The Rogue Voice


April 01, 2008

A Clean Cut

The evening sunlight was thin and the air cool as my father slammed the rear door of the station wagon.

I gripped the couch pillows underneath my legs and squeezed them the way I had seen my father squeeze his hand springs.

Photo courtesy of Stacey Warde

LEFT BEHIND He was packing. I wanted to go with him. I wanted to spend a weekend, as he had, hunting rabbits and sleeping outdoors. Photo: Author Stacey Warde as a boy with his father Jim Warde who soon after cut ties with his young wife and two small children.

By Stacey Warde

My father was packing the station wagon. He was putting away the last of his camping gear. Finally, he shoved his work boots in between two boxes and was finished. He looked a long time at what he had packed. He often went hunting but had never taken me with him. I was four years old.
“Can I go with you, dad?”
“No,” he answered gruffly. “I may not be coming back.”
He was 24, a construction worker. He was big and had muscles solid as the old truck he drove to haul dirt. I remember his strength. He whipped me hard once when I lied and told him I didn’t throw mud on his surfboard. I never lied again — at least not to him.
Another time I watched him punch his fist through the wall when he was angry with my mother. He was in the bathroom, shaving. I stood in the doorway and admired him as he stroked his face with the razor, wiping it clean of shaving cream, his arm muscles rippling with each sweep. His narrow waist, which was still so much larger than my own, was wrapped in a towel. His stomach tightened as he called to my mother and asked her where his Old Spice was. She didn’t know. That’s when he threw his razor in the sink, cocked his arm back close to his side, clenched his fist, and, like the hammer of a rifle, let it spring through the wall. I left the room quickly.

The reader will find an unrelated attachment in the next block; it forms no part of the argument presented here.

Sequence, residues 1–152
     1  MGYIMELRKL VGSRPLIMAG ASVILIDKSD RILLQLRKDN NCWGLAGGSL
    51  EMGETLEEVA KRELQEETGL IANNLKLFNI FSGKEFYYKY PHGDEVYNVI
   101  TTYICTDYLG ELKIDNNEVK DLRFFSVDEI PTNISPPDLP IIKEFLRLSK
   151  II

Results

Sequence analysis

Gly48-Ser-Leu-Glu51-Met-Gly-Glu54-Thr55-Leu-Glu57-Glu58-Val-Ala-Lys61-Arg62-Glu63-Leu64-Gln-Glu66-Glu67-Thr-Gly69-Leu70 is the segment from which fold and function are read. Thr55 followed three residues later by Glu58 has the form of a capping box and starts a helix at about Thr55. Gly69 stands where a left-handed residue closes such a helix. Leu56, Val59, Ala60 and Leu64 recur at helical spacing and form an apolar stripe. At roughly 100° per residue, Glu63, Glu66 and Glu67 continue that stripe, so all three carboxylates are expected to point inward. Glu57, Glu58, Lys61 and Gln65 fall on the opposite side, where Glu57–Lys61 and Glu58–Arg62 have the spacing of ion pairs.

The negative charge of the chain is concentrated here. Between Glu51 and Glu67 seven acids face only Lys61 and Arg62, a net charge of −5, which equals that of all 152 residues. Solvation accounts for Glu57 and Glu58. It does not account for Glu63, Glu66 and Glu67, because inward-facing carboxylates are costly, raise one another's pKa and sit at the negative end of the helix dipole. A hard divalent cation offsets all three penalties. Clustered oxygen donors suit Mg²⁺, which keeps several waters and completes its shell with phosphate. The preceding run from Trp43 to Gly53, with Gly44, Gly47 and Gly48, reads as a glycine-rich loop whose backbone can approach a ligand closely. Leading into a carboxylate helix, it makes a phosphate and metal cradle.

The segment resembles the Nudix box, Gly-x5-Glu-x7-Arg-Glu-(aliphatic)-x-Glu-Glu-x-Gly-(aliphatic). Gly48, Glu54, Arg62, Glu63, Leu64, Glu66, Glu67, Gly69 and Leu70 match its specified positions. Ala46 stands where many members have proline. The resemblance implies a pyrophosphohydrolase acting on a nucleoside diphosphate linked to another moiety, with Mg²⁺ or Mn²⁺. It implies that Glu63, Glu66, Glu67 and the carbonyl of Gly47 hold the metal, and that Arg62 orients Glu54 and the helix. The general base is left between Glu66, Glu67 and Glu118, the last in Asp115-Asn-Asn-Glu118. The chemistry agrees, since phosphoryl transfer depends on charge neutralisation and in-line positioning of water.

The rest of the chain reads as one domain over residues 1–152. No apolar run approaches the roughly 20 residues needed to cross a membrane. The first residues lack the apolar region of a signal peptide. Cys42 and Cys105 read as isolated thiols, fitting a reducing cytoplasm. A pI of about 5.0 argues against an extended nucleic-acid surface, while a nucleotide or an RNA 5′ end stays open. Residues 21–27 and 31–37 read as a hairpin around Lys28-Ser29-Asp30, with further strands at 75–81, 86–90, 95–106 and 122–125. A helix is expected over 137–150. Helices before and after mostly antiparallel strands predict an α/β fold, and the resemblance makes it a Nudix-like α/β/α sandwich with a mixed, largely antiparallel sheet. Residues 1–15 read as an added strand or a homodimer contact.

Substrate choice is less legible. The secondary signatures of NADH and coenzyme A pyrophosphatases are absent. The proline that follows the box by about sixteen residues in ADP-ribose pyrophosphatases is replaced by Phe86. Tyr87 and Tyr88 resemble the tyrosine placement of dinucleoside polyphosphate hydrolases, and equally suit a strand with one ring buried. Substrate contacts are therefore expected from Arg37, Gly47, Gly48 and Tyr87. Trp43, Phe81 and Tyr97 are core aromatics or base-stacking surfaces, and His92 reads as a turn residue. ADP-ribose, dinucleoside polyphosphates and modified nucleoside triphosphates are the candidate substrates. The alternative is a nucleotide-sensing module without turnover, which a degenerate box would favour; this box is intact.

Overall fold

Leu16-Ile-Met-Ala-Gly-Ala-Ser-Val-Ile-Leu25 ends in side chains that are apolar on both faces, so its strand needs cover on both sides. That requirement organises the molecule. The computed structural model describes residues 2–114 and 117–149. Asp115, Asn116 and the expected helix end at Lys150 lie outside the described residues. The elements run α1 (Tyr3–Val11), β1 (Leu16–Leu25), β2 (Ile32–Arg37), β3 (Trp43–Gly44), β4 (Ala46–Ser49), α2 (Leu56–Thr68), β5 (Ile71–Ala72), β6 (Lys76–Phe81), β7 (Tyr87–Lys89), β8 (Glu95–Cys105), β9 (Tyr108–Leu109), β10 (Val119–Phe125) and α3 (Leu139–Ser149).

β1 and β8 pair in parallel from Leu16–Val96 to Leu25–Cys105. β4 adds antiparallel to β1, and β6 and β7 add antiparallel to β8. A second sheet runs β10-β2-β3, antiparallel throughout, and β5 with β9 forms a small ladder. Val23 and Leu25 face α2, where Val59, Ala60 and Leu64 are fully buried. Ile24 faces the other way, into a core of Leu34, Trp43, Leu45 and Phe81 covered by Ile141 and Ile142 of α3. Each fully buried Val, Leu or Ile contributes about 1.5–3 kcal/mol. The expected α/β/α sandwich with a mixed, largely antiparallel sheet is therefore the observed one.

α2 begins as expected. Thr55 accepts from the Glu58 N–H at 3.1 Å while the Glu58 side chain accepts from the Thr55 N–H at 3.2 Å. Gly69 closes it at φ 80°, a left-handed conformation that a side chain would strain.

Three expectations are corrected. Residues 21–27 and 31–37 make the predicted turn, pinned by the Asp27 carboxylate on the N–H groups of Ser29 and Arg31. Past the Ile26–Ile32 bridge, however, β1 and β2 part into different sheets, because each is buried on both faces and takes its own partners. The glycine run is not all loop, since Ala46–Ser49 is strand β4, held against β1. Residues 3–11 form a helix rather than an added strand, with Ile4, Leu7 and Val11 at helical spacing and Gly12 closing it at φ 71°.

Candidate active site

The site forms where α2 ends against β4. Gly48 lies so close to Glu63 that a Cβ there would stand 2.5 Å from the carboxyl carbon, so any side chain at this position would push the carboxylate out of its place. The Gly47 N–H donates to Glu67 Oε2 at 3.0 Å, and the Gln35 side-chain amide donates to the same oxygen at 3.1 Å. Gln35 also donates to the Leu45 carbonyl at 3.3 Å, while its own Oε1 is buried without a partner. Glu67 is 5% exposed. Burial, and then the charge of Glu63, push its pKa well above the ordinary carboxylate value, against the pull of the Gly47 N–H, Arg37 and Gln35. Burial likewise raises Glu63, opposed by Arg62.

Now, he was packing. I wanted to go with him. I wanted to spend a weekend, as he had, hunting rabbits and sleeping outdoors. I would never have gone with anyone else, not even my mother. With my dad I felt safe. He protected me.
The big mean kids down the street used to put on scary masks to frighten me. My father told me that if they didn’t stop, he was going to let them have it — and showed me how by pounding his fist into his hand, making the sound of raw meat dropping on a cold kitchen floor. But I couldn’t stop being afraid of those masks — ugly green, old ladies’ faces with blood and bulging eyes. I didn’t have to be afraid for very long because when the big mean kids saw who my father was they stopped scaring me and tried to be my friends.
It was getting late, drawing closer to my bedtime, the time when my father would turn out the light and tell me to go to sleep. The evening sunlight was thin and the air cool as my father slammed the rear door of the station wagon. It would be dark soon. We went into our apartment where the curtains were drawn and little light shone in the stillness.
My father dragged himself into the bedroom where my mother waited. I seldom went in there. I sat on the couch in the dark quiet of the living room and looked after my father into the even darker hallway where he had disappeared. Behind the door they were quiet, not like the time I had heard my mother screaming and then laughing.